Who is Susan G. Komen?

I love October! I can’t help but notice that the sun just seems to shine a little brighter in October, at least in South Florida. Another thing that’s sure to be noticed in October is the pink ribbons on billboards, water bottles and even egg shells. Yes, it’s breast cancer awareness month.

Along with the pink ribbons I see every year I also hear   see the name Susan G. Komen or Komen for the Cure. I   started to wonder, who is Susan G. Komen? I did a little research and found…

Susan G. Goodman was born on October 31, 1943 in Peoria, Illinois. She was a popular girl in her neighborhood. The high school homecoming queen and college beauty queen married her college sweetheart Stan Komen. She was very close to her younger sister Nancy, who describes her as the perfect older sister.

After noticing a lump in her breast, Susan was diagnosed with breast cancer at age 33. Uneducated about cancer, Susan didn’t immediately seek treatment from a cancer specialist and decided to let her family doctor treat her for the life threatening disease. The family doctor eventually called in a surgeon. Adamant against a mastectomy, Susan decided to have a subcutaneous mastectomy, a procedure in which the outside of the breast is left intact but an incision is made and the breast tissue is removed.  Susan was told that she was cured after the procedure, however less than six months later, another lump appeared under her arm. The cancer had spread to her lung. At that point, Susan began fighting for her life.

A major turning point in Susan’s struggle for survival came from then first lady Mrs. Betty Ford, who in 1978 got a mastectomy and successfully overcame breast cancer. Susan became more aggressive in her fight and began chemotherapy. Throughout her treatments and hospital stays, Susan wasn’t happy with the aesthetics of the waiting room. The walls were bare are and the chairs were uncomfortable. She told Nancy that she wanted to do something to make the waiting area more comfortable for women that had to be there. She also asked her sister to do something to speed up the research process and Nancy promised her that she would.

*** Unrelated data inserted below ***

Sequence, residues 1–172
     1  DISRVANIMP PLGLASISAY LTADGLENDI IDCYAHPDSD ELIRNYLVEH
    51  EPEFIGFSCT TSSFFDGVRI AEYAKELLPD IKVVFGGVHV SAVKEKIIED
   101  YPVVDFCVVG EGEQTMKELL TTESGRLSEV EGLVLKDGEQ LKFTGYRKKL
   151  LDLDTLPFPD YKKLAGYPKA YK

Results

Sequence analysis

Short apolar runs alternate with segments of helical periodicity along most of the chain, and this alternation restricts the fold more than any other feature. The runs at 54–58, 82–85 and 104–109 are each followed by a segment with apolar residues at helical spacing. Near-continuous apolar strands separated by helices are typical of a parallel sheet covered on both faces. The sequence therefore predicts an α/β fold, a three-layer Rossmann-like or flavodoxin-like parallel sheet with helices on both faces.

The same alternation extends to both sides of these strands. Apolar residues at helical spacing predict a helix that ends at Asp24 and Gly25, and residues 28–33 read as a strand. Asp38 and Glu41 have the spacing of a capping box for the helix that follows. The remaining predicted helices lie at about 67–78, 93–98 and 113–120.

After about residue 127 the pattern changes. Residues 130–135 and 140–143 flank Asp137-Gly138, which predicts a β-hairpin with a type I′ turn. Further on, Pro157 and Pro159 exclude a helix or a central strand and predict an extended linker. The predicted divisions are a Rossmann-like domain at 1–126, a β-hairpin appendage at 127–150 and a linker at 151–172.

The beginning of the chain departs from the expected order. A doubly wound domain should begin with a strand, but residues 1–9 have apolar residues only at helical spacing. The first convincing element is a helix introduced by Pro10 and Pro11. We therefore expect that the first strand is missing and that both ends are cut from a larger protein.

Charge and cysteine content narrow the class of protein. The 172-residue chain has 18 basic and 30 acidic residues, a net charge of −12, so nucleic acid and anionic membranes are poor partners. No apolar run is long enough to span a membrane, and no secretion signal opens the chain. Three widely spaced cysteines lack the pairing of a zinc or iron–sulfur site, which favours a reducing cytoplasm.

After nine operations, three courses of chemotherapy and radiation, Susan G. Komen lost her battle with breast cancer. She passed away on August 4, 1980. Nancy Brinker kept her promise to her sister and founded Susan G. Komen for the Cure in 1982, which grew to become the world’s largest grassroots network of breast cancer survivors and activists. Since its inception, the non-profit has raised over $1.9 billion for research, education, and health services, making it the largest breast cancer charity in the world.

For more information on Susan G. Komen, Nancy Brinker or how
you can get involved, visit http://ww5.komen.org/Default.aspx


Adia Kamaria



I recently posted a poll asking women if they could have
a choice of only one, would they prefer a mega-career or a husband and
children. Of the twenty women that responded, the poll was split exactly 70 to
30 percent, with the majority choosing a husband and children. I can’t say that
I’m surprised since success to most women includes being a wife and mother. What about when you’re approaching your thirties, or in some cases are already in your thirties and it seems more likely that you’ll win the lottery than find a mate and have children? Which do you prefer to have then? Thirties might be a tricky time for pregnancy, but it’s a great time to embark on a new career.